Newspaper article The Canadian Press

Atwal Says Politicians from Different Parties Call Him Seeking Help

Newspaper article The Canadian Press

Atwal Says Politicians from Different Parties Call Him Seeking Help

Article excerpt

Atwal says politicians call him seeking his help

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SURREY, B.C. - A man at the centre of a controversy over Sikh separatism that is hounding the prime minister says he has worked with politicians from a number of parties since he was released from prison for the attempted assassination of an Indian cabinet minister.

Jaspal Atwal said he has asked his social network in Surrey, B.C., to vote for different politicians because he supports what they are trying to achieve in his community.

After working to rebuild his reputation following the 1986 attempt on the cabinet minister's life, Atwal said he's frustrated that some of those who have asked for help have turned on him in public.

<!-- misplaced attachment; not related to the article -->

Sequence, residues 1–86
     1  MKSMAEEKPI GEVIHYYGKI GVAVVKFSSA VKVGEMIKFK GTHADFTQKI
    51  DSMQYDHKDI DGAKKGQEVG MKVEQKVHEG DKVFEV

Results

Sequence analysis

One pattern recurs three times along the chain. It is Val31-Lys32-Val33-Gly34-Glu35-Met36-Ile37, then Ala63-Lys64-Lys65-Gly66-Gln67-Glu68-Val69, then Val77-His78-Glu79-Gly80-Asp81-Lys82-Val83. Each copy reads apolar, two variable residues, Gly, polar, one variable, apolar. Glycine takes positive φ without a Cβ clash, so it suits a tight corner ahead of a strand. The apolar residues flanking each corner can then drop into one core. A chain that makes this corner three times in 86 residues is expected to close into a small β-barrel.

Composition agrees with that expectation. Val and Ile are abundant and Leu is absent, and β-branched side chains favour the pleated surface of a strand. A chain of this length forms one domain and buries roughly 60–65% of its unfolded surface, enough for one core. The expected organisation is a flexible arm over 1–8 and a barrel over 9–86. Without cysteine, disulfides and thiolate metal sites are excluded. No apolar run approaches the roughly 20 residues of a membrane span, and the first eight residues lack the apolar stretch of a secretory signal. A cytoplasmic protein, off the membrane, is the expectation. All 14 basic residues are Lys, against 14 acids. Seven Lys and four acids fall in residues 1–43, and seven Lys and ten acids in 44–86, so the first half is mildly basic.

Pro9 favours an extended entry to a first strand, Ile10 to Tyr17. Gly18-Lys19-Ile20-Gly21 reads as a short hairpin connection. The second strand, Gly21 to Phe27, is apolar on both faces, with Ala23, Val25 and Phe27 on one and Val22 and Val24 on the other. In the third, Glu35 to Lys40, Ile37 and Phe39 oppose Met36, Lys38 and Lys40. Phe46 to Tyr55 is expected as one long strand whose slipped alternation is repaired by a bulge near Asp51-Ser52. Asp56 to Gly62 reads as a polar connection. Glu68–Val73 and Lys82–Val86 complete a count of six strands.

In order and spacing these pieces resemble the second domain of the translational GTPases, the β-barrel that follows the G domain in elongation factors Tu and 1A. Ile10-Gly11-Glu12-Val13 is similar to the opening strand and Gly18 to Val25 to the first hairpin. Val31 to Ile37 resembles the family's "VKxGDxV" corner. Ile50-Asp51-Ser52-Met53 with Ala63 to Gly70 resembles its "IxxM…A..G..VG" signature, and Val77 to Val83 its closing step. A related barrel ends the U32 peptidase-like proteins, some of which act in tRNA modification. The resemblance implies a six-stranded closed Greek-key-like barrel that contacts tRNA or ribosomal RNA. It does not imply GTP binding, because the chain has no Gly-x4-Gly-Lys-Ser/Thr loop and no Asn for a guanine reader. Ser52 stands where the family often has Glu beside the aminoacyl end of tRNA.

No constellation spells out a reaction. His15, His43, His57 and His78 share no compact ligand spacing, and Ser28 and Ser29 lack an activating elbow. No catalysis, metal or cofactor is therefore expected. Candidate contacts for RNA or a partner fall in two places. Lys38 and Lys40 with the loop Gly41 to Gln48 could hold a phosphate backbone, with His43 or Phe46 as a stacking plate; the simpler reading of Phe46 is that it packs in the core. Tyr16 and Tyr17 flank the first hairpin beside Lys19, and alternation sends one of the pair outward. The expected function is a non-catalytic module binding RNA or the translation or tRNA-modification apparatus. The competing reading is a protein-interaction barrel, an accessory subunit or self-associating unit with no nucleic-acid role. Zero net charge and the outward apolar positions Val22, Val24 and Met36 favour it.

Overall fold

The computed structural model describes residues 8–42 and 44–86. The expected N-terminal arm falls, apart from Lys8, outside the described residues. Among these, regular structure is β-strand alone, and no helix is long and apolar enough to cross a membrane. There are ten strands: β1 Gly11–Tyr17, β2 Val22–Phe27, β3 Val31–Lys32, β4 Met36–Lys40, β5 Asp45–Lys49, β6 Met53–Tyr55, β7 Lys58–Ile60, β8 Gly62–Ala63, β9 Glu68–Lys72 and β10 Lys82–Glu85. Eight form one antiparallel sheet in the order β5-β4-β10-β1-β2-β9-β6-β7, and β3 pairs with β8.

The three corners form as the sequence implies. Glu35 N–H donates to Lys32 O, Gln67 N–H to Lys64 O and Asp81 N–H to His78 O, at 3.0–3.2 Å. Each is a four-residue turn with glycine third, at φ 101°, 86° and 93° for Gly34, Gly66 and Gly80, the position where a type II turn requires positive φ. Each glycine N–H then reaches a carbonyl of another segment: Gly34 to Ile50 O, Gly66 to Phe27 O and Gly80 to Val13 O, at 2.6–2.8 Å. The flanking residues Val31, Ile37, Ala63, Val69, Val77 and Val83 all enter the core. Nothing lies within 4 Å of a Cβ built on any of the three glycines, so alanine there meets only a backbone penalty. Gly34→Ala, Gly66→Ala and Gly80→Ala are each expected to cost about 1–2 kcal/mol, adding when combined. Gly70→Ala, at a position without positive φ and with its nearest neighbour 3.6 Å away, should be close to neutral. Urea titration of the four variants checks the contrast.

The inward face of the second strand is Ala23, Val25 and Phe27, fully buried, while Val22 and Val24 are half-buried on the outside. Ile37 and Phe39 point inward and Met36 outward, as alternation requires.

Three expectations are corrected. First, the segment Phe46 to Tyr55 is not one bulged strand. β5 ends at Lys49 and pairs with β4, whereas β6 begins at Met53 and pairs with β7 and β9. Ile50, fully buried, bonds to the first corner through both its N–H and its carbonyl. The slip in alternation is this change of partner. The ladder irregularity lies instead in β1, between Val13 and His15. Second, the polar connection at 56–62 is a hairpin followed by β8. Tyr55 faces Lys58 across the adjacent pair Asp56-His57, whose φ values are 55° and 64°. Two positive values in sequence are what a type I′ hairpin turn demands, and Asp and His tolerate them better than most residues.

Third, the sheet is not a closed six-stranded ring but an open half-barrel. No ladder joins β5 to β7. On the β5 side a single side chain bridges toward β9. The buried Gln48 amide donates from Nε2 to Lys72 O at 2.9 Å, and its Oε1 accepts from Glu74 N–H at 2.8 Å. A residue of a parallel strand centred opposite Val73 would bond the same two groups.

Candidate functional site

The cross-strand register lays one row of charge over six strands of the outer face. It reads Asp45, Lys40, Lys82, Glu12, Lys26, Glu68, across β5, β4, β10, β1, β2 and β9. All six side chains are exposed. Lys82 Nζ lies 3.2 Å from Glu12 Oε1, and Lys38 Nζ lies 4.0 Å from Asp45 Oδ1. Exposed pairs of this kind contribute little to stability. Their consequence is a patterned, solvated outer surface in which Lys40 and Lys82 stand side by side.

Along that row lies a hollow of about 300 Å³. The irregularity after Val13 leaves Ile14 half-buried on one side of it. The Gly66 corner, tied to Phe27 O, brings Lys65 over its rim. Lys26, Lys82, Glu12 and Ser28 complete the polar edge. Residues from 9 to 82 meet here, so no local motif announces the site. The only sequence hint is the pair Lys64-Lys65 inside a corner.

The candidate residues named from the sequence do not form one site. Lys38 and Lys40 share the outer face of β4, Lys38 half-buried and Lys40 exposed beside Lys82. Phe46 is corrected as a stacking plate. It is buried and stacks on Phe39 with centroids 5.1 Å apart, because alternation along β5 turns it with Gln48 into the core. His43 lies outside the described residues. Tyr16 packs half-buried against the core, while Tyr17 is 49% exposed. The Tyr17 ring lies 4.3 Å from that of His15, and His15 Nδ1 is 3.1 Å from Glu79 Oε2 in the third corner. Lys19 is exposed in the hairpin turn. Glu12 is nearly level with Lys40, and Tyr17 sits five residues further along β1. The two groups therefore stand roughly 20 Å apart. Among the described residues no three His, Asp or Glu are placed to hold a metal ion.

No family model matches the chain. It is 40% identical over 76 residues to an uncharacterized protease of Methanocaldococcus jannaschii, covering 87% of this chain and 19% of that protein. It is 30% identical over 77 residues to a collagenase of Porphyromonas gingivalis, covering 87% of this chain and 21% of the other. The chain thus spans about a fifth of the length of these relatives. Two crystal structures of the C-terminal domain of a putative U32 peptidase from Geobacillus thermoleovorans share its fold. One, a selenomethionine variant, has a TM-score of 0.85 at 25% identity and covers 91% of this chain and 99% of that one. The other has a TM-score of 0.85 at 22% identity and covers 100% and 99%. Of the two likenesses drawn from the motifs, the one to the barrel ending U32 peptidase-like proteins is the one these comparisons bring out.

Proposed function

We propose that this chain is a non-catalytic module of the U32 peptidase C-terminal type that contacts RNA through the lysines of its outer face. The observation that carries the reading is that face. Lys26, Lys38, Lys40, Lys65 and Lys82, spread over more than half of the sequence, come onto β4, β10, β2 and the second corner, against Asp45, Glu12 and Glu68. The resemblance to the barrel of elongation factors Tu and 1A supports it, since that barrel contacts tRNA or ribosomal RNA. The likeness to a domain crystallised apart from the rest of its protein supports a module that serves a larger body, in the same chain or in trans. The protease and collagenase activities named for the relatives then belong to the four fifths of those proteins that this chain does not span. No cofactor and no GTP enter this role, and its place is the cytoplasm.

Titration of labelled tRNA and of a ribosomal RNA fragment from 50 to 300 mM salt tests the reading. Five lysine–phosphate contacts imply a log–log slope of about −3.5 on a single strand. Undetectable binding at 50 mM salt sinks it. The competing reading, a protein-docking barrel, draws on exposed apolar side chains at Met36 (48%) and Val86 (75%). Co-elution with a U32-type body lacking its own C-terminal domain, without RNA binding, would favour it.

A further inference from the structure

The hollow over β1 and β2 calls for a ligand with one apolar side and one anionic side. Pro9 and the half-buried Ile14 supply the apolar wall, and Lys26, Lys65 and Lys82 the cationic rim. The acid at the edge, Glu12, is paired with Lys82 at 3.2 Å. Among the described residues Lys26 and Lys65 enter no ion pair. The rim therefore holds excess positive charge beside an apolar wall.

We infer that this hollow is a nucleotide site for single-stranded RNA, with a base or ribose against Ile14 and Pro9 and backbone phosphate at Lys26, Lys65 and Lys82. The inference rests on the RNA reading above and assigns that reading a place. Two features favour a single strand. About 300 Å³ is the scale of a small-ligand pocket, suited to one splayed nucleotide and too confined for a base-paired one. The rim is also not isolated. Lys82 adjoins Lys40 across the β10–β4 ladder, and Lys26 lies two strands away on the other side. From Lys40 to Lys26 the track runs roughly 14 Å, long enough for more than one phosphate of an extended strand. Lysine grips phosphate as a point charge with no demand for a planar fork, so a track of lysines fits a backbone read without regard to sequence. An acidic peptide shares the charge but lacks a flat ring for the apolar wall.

"If I'm that dangerous, then why the hell are they calling me?" Atwal said in an interview with the Canadian Press on Saturday. He declined another interview on Monday.

Prime Minister Justin Trudeau's office has distanced itself from Atwal, saying he is not a "friend" of Trudeau, after Atwal was invited to a pair of events during Trudeau's recent official visit to India.

Atwal said the pair once sat together in Atwal's Hummer, about nine years ago, and the prime minister knows him by name. While he called it a "good relationship," he said he did not consider Trudeau a "friend."

He said Trudeau has never asked him for help on a campaign.

Atwal was convicted of attempting to kill Indian cabinet minister Malkiat Singh Sidhu during a visit to Vancouver Island. He was also charged, but not convicted, in connection with a 1985 attack on Ujjal Dosanjh, a staunch opponent of the Sikh separatist movement, who later became B.C. premier and a federal Liberal cabinet minister.

New Democrat Jinny Sims and former Liberal legislature member Brenda Locke both asked for his help in the 2017 B.C. election, Atwal said.

Sims, who is now minister of citizens' services, denied the claim in a statement, saying she has met Atwal but she does not know him well and has never invited him to campaign for her.

"During campaigns, extensive outreach for volunteers takes place including through mass messages. It is possible that Mr. Atwal has received such a message, however it would not have been at my request," Sims said. …

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